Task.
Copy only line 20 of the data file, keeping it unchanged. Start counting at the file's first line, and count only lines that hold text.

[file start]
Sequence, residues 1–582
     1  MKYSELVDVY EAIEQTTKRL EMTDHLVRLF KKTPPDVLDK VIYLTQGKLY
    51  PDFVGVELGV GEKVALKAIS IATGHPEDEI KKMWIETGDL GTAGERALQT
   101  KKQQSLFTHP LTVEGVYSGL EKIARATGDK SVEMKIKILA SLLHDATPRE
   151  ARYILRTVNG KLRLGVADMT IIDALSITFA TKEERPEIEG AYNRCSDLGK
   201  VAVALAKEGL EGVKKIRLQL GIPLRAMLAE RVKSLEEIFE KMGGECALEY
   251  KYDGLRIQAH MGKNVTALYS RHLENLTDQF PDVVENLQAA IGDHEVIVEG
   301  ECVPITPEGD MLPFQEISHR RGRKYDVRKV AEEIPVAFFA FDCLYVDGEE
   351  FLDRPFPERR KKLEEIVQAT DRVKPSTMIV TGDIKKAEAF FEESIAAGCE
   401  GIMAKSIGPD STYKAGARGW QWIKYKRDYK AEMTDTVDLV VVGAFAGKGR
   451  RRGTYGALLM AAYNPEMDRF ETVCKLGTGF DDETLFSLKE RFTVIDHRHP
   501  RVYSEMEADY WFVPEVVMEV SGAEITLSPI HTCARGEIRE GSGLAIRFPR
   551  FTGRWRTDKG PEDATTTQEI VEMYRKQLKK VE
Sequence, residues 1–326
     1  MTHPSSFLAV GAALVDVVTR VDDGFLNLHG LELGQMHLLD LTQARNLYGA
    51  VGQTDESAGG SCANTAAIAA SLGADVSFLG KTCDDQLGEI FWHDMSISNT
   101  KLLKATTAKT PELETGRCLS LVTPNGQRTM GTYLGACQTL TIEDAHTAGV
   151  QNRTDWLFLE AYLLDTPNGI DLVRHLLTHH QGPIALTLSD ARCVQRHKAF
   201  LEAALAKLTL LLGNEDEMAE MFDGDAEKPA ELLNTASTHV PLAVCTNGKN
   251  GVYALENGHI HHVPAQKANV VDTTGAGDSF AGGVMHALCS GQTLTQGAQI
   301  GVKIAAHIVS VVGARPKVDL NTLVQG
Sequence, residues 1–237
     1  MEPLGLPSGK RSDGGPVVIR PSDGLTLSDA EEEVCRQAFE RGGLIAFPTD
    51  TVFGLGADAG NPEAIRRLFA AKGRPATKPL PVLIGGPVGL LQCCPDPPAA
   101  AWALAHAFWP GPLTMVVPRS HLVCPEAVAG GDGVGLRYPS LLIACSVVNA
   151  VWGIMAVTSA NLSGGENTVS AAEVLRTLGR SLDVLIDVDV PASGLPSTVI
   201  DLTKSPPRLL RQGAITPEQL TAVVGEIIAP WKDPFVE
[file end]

   251  GVYALENGHI HHVPAQKANV VDTTGAGDSF AGGVMHALCS GQTLTQGAQI